VERA FILES FACT CHECK: Duterte labis na pinalaki ang bilang ng namamatay araw araw dahil sa droga sa US, mali nang pagsipi kay Obama
Mali si Duterte sa parehong mga pahayag.
President Rodrigo Duterte grossly exaggerated the daily drug fatality figure in the United States and misquoted former U.S. President Barack Obama in his speech in front of the Filipino crowd in Tokyo, Japan.
On May 30, Duterte recalled his tirade against Obama on alleged extrajudicial killings in the Philippines in 2016:
"Ngayon, hinahabol ako ng Amerika noon. Kaya kami nag-away. Kaya pinu****-i** ko si Obama. Talaga, sinabi ko, ‘p***** i****, l**** ka. ‘Wag mo akong pakialaman. In a presscon sabihin mo na, ‘we will prosecute you for extrajudicial killing.’”
(Now, America went after me then, that is why we had a conflict. That is why I cussed at Obama. Yes, I said son of a whore , l**** ka. Do not meddle. In a presscon you would say, 'we will prosecute you for extrajudicial killing.' )
Source: RTVMalacanang, Meeting with the Filipino Community (Speech) 5/30/2019, May 30, 2019, watch from 30:25 to 30:52
"Tama ka na, sabi ko, 'bantayan mo ‘yang iyo kay mas deadly ‘yan (I said enough, ‘you watch your own because that is more deadly’).’ There are 63,000 lives lost in America every day sa droga."
Source: RTVMalacanang, Meeting with the Filipino Community (Speech) 5/30/2019, May 30, 2019, watch from 30:52 to 31:06
Duterte is wrong on both claims.
Obama never said “we (the U.S.) will prosecute you (Duterte) for extrajudicial killings.”
Duterte called Obama "son of a whore" when he was asked what he would do if his then American counterpart raised the issue of extrajudicial killings in the Philippines during the Association of Southeast Asian Nations (ASEAN) summit in 2016.
On the last day of the G-20 Leaders’ Summit in Hangzhou, China, in September 2016, Obama said:
“We recognize the significant burden that the drug trade plays not just in the Philippines, but around the world. And fighting narco-trafficking is tough. But we will always assert the need to have due process and to engage in that fight against drugs in a way that's consistent with basic international norms.”
Duterte is also wrong in claiming that the number of drug deaths per day in the U.S. has reached 63,000.
According to the White House’s Opioid Crisis report, nearly 175 daily deaths from drug overdose were recorded in 2016.
A CDC report released this January recorded 70,237 drug-related deaths in the U.S. in 2017. Opioids accounted for 47,600 victims or 67.8% of these drug-related deaths.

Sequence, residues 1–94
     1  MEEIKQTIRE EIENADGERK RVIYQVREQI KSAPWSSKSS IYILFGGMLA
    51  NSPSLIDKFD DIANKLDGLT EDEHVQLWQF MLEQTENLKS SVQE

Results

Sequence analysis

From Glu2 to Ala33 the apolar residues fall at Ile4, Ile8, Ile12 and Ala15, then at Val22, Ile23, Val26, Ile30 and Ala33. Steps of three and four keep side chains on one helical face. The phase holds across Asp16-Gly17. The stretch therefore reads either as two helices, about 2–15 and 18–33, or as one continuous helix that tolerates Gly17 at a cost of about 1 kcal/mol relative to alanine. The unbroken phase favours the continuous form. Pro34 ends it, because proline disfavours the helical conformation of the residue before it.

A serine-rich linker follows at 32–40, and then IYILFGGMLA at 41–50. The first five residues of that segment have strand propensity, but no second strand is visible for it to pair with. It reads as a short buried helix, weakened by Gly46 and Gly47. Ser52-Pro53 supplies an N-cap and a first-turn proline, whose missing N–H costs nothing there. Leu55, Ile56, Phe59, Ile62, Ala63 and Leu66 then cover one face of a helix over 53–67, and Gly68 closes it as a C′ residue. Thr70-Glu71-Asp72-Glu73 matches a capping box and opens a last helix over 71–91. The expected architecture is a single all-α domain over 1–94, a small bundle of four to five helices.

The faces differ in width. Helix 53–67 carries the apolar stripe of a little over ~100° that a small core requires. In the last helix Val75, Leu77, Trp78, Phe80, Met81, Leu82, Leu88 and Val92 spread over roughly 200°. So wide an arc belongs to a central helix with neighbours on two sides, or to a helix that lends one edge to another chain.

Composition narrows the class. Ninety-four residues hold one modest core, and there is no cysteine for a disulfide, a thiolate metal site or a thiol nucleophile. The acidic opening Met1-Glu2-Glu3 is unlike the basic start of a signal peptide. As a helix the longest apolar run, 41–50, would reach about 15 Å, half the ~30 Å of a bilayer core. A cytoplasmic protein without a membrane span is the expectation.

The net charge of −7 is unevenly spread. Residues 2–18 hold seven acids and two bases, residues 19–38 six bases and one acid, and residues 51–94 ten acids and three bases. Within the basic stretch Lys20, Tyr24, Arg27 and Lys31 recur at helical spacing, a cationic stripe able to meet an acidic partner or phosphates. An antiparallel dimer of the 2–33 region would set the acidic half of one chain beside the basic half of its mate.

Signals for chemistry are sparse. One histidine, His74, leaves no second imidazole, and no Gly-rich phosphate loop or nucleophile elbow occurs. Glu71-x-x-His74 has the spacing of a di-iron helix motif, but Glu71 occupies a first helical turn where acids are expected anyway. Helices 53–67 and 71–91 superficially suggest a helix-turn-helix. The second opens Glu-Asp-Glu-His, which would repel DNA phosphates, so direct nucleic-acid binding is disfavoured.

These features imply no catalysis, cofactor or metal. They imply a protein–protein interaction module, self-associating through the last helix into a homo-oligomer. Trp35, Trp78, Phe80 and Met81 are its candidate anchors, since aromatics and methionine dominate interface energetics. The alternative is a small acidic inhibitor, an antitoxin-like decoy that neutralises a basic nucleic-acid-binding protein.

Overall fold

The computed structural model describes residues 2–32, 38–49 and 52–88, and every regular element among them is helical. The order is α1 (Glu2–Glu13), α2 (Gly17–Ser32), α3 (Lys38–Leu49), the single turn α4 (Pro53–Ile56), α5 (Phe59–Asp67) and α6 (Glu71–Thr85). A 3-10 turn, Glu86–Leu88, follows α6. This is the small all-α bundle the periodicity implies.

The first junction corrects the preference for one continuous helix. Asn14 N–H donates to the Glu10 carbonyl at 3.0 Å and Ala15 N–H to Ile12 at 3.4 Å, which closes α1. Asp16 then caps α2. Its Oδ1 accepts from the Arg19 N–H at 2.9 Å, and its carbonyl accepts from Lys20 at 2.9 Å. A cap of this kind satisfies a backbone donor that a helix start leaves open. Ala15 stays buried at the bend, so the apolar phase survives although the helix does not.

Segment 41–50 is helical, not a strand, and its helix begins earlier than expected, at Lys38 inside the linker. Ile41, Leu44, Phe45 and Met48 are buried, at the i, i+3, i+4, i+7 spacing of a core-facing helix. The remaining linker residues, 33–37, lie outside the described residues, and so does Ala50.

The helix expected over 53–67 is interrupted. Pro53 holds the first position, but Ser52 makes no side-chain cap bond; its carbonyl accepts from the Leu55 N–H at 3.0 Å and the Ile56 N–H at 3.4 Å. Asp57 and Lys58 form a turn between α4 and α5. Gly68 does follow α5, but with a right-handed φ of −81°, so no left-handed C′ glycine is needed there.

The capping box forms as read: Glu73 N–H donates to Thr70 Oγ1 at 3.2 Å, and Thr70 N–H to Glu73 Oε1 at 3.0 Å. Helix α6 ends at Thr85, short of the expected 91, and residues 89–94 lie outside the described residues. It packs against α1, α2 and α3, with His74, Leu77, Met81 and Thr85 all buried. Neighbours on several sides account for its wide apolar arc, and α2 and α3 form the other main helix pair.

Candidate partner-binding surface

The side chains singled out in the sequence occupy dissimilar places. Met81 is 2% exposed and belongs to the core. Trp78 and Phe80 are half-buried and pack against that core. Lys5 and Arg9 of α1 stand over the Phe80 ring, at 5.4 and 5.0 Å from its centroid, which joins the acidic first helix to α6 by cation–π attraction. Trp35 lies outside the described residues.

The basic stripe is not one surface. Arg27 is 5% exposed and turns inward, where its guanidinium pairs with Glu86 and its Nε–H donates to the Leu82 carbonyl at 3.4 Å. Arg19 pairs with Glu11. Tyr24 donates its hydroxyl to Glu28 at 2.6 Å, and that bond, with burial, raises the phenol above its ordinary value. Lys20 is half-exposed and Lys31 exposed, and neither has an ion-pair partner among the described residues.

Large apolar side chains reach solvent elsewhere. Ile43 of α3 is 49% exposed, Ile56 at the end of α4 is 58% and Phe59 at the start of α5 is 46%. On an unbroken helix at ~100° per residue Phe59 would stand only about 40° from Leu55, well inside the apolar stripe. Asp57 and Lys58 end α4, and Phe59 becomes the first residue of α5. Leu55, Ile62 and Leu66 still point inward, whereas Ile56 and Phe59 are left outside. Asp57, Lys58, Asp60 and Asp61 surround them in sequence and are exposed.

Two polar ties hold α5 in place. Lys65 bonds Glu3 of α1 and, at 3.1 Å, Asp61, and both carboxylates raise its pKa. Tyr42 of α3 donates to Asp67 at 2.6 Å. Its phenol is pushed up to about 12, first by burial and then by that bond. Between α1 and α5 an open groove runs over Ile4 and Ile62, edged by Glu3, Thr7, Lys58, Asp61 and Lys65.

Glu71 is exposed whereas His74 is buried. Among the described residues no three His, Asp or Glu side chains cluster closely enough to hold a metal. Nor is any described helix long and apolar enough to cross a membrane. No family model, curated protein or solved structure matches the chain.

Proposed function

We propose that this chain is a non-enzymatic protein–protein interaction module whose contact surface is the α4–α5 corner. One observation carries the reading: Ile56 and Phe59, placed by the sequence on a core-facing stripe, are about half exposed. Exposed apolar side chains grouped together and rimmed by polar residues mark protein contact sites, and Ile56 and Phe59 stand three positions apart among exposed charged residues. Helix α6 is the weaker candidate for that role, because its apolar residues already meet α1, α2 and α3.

Latest data from the National Center for Health Statistics, the main health statistics agency provider in the U.S., show an increase in the country’s drug-related deaths in the U.S. from 1999 to 2017.
The NCHS has recorded 66,986 drug overdose deaths based on records collected from November 2017 to November 2018.
Opioids, sometimes called narcotics, are medications prescribed by doctors to manage persistent or severe pain. They are used by people with chronic headaches and backaches, by patients recovering from surgery or experiencing severe pain, according to the American Society of Anesthesiologists.
Opioids can have serious side effects and can lead to addiction. Codeine, fentanyl and morphine are among the many types of prescribed opioids.
In a speech in his hometown Davao City in 2017, Duterte told the crowd that he felt he was on "cloud nine" after using fentanyl, a classified opioid, prescribed by his doctor as a pain reliever for his spinal injury from a motorcycle incident in 2013.
Fentanyl is considered a “dangerous drug” under Republic Act 9165 or the Comprehensive Dangerous Drugs Act.
Classified as a “Schedule 1” drug under the 1961 United Nations Single Convention on Narcotic Drugs, as amended by the 1972 protocol, Fentanyl “may have currently accepted medical use in treatment in the Philippines, and has high potential for abuse that may lead to severe psychological or physical dependence,” according to the Dangerous Drugs Board.
RTVMalacanang, Meeting with the Filipino Community (Speech) 5/30/2019, May 30, 2019
The Obama White House, President Obama Holds a Press Conference, Sept. 5, 2016
The Obama White House, President Obama Holds a Press Conference, Sept. 8, 2016
Philstar.com, Duterte apologizes to Barack Obama, Sept. 8, 2018
ABS-CBN News, Duterte calls Obama a 'son of a w****', Sept. 5, 2016
Rappler.com, Obama-Duterte meeting: Sea dispute ruling, human rights on the table, Aug. 30 2016
RTVMalacanang, Question and Answer - Davao City 9/5/2016, Sept. 5, 2016
White House, The Opioid Crisis, n.d.
Centers for Disease Control and Prevention, Drug and Opioid-Involved Overdose Deaths — United States, 2013–2017, January 4, 2019
Centers for Disease Control and Prevention, About CDC 24-7
American Society of Anesthesiologists, What are Opioids
ABS-CBN News, Duterte on Fentanyl use: Felt like cloud nine, Feb. 10, 2017
Philippine Drug Enforcement Agency, Republic Act 9165
Bureau of Food and Drugs Administration, Comprehensive Dangerous Drugs Act of 2002
Dangerous Drugs Board, Board Regulation No. 1, Series of 2014
Dangerous Drugs Board, Annex A -- Philippine Schedules of Dangerous Drugs
Philippine Medical Association, Guidelines in Prescribing Dangerous Drugs, Oct. 3, 2018
World Health Organization, Single Convention on Narcotic Drugs, 1961 (Amended), n.d.
Centers for Disease Control and Prevention, New Data Show Growing Complexity of Drug Overdose Deaths in America, Dec. 21, 2018
Centers for Disease Control and Prevention, Provisional Drug Overdose Death Counts, Retrieved June 11, 2019
Centers for Disease Control and Prevention, Data Brief 329. Drug Overdose Deaths in the United States, 1999–2017, November 2019
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